By Vatican News staff reporter
The National Solidarity Forum (NSF) of India has announced the creation of Kandhamal Human Rights Awards for activists and groups on the occasion of the August 25 Kandhamal Day, Wednesday, in commemoration of one of the worst violence against Christians in India that erupted in the eastern state of Odisha 13 years ago.
The NSF has instituted two annual awards in honour of the victims and survivors of the mass violence against Adivasi [indigenous] and Dalit [marginalized] Christians of Kandhamal and several other districts in Odisha, and in some other states including Karnataka, in August-September 2008.
The award to an individual carries a cash prize and a plaque. The award for non-governmental organizations and groups recognizes long and sustained work on issues of human rights and civil liberties, development, harmony and peace building, NSF convenor Dr Ram Puniyani said. The awardees will be announced soon.
National Solidarity Forum
The National Solidarity Forum is a national level platform of over 70 organizations and activists, media persons, researchers, legal experts, film-makers, artists, writers and scientists, which emerged after the Kandhamal violence. Formed in May 2010, the Forum works on various issues relating to trauma, counselling, rehabilitation and advocacy for justice to victims of organized violence. NSF has been commemorating Kandhamal Day on August 25 every year with events in Kandhamal, Bhubaneswar, New Delhi and other places.
The 2020 event, held online due to the pandemic, featured human rights activists and senior noted civil society personalities discussing the challenges faced by marginalized communities with particular emphasis on the right to life, livelihood and the freedom of religion and belief.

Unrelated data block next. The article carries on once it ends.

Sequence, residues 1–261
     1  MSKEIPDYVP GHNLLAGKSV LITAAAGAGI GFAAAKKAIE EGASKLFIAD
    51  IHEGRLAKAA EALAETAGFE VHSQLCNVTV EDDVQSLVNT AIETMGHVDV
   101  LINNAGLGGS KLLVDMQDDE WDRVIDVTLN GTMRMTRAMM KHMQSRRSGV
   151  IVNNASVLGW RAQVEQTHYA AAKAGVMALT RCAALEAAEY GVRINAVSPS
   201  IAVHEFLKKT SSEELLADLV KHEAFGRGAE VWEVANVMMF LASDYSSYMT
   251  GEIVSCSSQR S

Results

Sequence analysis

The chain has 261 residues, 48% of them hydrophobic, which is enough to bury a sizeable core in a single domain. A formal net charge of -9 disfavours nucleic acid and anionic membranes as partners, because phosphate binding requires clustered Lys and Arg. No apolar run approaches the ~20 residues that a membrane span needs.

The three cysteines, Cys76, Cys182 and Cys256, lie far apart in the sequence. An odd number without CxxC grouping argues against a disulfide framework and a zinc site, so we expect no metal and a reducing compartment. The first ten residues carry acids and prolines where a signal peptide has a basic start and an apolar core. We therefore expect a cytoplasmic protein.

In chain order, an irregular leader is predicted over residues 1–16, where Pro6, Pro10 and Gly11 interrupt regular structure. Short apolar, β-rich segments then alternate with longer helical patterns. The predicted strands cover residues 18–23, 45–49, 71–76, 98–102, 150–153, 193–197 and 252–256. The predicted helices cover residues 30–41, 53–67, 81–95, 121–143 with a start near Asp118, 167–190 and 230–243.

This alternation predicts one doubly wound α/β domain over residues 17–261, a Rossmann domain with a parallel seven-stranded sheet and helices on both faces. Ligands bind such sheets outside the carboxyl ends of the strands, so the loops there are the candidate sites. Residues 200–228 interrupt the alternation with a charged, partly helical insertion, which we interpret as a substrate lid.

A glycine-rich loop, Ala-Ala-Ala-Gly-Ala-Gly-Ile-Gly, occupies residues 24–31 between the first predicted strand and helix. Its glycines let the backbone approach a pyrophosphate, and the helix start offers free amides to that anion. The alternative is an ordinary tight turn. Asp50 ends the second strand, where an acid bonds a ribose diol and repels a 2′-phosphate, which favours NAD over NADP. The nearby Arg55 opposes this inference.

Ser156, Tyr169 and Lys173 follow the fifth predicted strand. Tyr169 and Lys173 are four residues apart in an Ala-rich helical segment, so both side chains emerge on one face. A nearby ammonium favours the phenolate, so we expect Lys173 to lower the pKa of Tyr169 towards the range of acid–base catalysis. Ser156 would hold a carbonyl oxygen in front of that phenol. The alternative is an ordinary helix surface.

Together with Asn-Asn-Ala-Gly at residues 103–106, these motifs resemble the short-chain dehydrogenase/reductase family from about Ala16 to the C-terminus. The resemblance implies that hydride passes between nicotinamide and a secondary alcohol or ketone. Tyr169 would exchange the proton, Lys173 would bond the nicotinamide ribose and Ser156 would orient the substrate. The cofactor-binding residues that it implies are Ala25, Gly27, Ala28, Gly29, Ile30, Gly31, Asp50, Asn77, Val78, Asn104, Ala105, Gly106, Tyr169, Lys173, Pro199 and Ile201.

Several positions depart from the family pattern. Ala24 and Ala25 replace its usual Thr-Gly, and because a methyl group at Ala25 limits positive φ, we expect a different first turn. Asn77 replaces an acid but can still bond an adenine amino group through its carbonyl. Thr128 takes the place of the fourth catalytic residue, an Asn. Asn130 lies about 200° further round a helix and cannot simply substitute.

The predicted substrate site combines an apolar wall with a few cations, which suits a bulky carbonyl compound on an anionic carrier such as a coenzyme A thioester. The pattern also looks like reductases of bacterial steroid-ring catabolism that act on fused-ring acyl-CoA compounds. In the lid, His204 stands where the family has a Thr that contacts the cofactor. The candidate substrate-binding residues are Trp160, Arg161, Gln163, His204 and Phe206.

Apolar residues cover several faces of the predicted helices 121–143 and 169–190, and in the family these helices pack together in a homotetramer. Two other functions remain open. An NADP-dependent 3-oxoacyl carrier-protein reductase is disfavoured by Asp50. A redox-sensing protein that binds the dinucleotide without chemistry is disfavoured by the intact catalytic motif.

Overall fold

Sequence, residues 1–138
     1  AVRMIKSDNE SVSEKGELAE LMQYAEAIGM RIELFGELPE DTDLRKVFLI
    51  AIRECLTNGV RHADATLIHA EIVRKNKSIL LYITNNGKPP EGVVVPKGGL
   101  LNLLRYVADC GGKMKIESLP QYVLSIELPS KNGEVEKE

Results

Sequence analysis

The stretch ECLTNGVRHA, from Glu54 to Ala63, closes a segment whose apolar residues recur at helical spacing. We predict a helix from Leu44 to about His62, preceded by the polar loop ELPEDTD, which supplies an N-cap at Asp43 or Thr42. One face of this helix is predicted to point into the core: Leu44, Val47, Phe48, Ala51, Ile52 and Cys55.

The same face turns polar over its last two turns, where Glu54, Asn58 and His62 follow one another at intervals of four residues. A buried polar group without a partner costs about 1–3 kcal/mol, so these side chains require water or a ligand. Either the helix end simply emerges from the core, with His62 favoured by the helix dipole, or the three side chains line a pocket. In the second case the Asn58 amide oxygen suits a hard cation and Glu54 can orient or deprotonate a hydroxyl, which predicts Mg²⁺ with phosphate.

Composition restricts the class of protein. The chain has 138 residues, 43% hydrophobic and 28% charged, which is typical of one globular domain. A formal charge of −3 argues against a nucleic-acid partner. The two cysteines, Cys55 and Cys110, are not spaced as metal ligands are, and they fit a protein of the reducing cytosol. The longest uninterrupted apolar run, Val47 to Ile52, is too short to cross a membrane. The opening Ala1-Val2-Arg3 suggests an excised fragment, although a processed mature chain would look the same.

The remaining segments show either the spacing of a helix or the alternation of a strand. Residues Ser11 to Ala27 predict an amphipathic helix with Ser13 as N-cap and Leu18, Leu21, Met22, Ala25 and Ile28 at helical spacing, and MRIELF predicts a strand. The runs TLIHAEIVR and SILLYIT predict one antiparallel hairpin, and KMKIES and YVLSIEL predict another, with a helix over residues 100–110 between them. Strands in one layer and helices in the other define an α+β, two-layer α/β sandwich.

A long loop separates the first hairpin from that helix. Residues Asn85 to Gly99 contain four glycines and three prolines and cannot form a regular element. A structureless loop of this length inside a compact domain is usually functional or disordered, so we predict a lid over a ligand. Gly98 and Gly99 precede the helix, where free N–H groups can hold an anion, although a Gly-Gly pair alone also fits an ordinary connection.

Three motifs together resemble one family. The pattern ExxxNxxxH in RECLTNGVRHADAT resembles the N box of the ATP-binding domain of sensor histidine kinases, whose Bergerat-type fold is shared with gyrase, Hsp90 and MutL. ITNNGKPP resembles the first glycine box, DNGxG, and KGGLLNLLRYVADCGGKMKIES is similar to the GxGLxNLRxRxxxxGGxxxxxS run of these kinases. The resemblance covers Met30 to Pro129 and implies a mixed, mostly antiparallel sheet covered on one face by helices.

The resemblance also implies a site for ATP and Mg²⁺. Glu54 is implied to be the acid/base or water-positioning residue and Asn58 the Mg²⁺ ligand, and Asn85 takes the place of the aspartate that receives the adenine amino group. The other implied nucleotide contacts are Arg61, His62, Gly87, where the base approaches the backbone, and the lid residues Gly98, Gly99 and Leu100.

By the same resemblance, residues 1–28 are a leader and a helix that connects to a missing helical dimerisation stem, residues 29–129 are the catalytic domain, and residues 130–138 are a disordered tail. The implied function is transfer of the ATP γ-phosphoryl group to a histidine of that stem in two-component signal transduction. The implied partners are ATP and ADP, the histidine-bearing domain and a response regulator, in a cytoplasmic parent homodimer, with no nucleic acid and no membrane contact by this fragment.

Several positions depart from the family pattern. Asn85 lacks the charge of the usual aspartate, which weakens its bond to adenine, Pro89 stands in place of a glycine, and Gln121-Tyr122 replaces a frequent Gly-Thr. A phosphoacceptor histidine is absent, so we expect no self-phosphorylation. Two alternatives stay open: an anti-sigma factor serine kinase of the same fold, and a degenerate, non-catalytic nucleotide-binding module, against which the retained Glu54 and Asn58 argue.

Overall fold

Wednesday’s commemoration of Kandhamal Day and the awards function will also be in virtual mode. A national webinar has been organized on the theme, “In Defence of Human Rights and Democratic Freedoms”. It will feature personalities such as former Chairman of the National Law Commission and Chief Justice of Delhi High court, AP Shah, former Chief Election Commissioner, S Y Qureshi, and the noted film and literature personality Javed Akhtar. Among other participants are Bhasha Singh, Dr Ruth Manorama, Dr Aruna Gnanadason, Dayamani Barla, Henri Tiphagne, and Dr John Dayal.
The murder of Hindu leader Swami Lakshmanananda Saraswati and four of his disciples on August 23 triggered the 2008 violence. Even though Maoist rebels claimed the assassination, Hindu extremists blamed it on Christians. Two days later on August 25, hell broke loose on the Christians of Odisha, with Kandhamal district as the epicentre of the atrocities, which continued unabated for months. Ironically, it started 10 days after India’s Independence Day.
Odisha’s Christians had earlier faced similar violence, but to a much lesser scale, during Christmas of 2007, which observers say was a rehearsal for the carefully orchestrated atrocities that were to follow 8 months later.
“In independent India’s chequered history, the violence in the Kandhamal and adjoining districts of Odisha in 2007 and 2008 stands out for malevolent targeting of the Christian minorities, Dalits, Adivasis, women and Children were violated with impunity,” said a press release by the NSF.
It noted that over 100 Christians were killed, several of them from the clergy, and over 75,000 were displaced. More than 360 churches, places of worship and educational, social service and health institutions were destroyed and looted. The education of 12,000 children was disrupted and over 40 women were raped, molested and humiliated, including a Catholic nun. Several cases of forced conversion to Hinduism were also reported.
The NSF cited a study conducted by Supreme Court advocate Vrinda Grover and law professor Dr. Saumya Uma, which found the conviction rate as low as 5.13% of the cases brought to court. “If one takes complaints as a yardstick of the justice process, it is just around 1% only,” the NSF press statement said.
“Kandhamal violence is a unique case of multiple violations of basic human rights and dignity of the most vulnerable groups. Justice is yet to be done and rights to be restored,” the NSF added.